Introduction to Leonidas G. Liacos’ Article
volume 11, pages 1–2 (2015)
Leonidas Liacos is a pioneer of fire ecology and management for Greece. He studied forestry in Greece and in France where he did his Ph.D. on alpine grassland hydrology in the early 1950s. In 1958, he went to Berkeley, California, USA, for post-doctoral studies in range management under Professor Harold Biswell, who was promoting the use of fire and prescribed burning in forest management at that time. Liacos was inspired and fully accepted Dr. Biswell’s ideas. When he returned to Greece in the early 1960s, he started advocating the use of fire in forest management in Greece, as well as established his first prescribed burning experiments. His article published here, which was originally presented in the 1974 fire ecology conference of the Tall Timbers Research Station in Tallahassee, Florida, USA, describes most of these experiments, the ideas behind them, and the first results produced.
Liacos’ article is a classic for Greece because it provides the first historical evidence that fire was part of the natural environment since prehistoric times by citing Homer and other classic writers. This information had not been recognized in the early 1970s. The information that prescribed fire can reduce fire risk in forests and rangelands that had started to get devastated by wildfires during that decade was also new. Indeed, although wildfires in the previous decades were few and small in size, they started to increase both in numbers and especially in size in the 1970s due to socioeconomic changes that favored increased human activity in the urban-wildland interface (Xanthopoulos 2000).
In the late 1960s, I was appointed as a forester in the North Greece Forest Research Centre, where Liacos was doing his experiments. As his research assistant, I vividly remember him, standing in front of his experimental plots, preaching the ecological role of fire to extension foresters and suggesting prescribed burning as a tool to properly manage the fire-prone coniferous forests consisting of warm-Mediterranean pines such as aleppo (Pinus halepensis Mill.) and brutia (P. brutia Ten.). He also preached to forestry authorities and university professors, who were preoccupied by the traditional fire suppression policies.
His experiments were also the first to get established not only in Greece but in the whole Mediterranean region. He was frequently receiving visitors from other Mediterranean countries, to whom he was presenting his ideas and showing his experiments. Fire suppression policy was the dominant philosophy in these countries, too. As a result, he met a lot of opposition. Having studied in France, he wrote a relevant article (Liacos 1986) and had several contacts with French foresters, with whom he carried out very long and hot discussions.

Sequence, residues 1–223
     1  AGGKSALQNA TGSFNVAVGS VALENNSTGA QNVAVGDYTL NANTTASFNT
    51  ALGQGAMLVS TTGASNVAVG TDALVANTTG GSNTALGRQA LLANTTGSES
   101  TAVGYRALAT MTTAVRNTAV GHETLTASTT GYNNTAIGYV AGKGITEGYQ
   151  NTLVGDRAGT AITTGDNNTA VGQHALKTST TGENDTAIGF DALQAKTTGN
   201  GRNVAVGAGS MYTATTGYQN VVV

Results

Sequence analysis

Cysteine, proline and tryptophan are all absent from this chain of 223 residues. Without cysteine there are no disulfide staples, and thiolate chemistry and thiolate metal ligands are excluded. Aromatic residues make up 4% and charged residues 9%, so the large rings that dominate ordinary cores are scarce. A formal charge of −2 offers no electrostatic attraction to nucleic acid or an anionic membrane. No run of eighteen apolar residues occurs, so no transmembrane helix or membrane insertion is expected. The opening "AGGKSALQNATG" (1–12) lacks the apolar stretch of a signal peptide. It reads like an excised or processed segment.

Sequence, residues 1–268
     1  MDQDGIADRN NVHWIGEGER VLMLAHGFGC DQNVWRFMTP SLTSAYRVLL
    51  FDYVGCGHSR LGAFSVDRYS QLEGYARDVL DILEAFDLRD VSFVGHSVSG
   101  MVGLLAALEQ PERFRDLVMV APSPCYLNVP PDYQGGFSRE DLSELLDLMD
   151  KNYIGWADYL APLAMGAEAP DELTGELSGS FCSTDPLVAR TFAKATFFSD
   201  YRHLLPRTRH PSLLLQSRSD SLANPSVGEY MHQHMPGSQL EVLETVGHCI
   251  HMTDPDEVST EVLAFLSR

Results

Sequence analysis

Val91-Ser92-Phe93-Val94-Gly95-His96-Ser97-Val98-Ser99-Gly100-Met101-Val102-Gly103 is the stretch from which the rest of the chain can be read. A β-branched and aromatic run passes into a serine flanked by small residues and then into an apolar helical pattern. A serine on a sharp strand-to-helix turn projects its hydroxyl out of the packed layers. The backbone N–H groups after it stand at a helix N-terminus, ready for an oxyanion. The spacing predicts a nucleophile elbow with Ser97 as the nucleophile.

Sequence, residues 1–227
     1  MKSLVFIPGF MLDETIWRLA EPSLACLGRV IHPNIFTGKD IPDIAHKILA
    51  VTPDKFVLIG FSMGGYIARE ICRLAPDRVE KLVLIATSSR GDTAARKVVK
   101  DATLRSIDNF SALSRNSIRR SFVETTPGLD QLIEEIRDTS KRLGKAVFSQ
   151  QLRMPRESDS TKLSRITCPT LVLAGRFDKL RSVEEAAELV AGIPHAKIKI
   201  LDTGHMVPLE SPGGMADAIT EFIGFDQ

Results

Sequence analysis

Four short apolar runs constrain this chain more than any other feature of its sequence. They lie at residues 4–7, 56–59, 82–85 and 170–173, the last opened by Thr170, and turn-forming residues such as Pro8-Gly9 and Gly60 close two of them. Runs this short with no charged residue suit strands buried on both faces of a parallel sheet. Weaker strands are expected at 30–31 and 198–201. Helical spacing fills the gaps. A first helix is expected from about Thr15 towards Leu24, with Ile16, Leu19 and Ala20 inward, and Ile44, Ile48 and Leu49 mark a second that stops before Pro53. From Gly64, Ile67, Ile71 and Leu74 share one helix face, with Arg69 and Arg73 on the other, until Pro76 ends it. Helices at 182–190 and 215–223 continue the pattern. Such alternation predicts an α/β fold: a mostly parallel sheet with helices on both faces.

Liacos stresses in his paper the role of fire in decomposing organic matter, a function that is hampered under the Mediterranean climate due to the warm and dry conditions. His innovative idea was that grazing has a similar function. For this reason, he tried to combine prescribed burning and livestock grazing in his experiments. The methodology he proposed was to apply prescribed burning to reduce the woody understory in the pine forests, then seed palatable forage species and, finally, introduce livestock, mainly goats, in order to control the shrub regrowth. This was a clever idea for Greece and other Mediterranean countries having conflicts between domestic animals and forests because he suggested that livestock be considered as a forest management tool (Liacos 1980). Given the prevailing conviction at that time that goats were the main factor for the destruction of the Mediterranean forests (e.g., Thirwood 1981), his ideas were revolutionary and helped in the reconsideration of the role of goats in these forests (Papanastasis 1986).
Liacos’ paper stirred the stagnant waters of classical forestry inspired by the nineteenth century Central European ideas of no interference in the forests (no fire, no grazing) and contributed to the education of a new generation of foresters on the ecological role of fire and grazing in Mediterranean forest management. Unfortunately, however, it did not help institutionalize the use of prescribed fire by the Greek Forest Service, mainly for two reasons. One was his experimental results showed that the time period with ideal temperature and moisture conditions to apply prescribed fire in the winter period was relatively limited. The other, more important reason was the prohibition of using prescribed fire in forest management that required a change in the law on forest fires in the Greek parliament. That change was not possible given not only the opposition of the officials in the Forest Service but also of the general public who were already overwhelmed by the frequent summer wildfires and were not prepared to see smoke coming out from prescribed fires in the winter period, too. Even legalizing the use of prescribed fire in rangelands to mitigate the big problem of pastoral wildfires was not possible.
Unfortunately, prescribed fire today is still forbidden and is not even mentioned as a management tool. On the contrary, livestock grazing is widely perceived as a tool for reducing fire risk and enhancing tree growth in forest lands (e.g., Papanastasis 2009). I can only hope that the ecological wisdom expressed by Liacos will prevail in the future.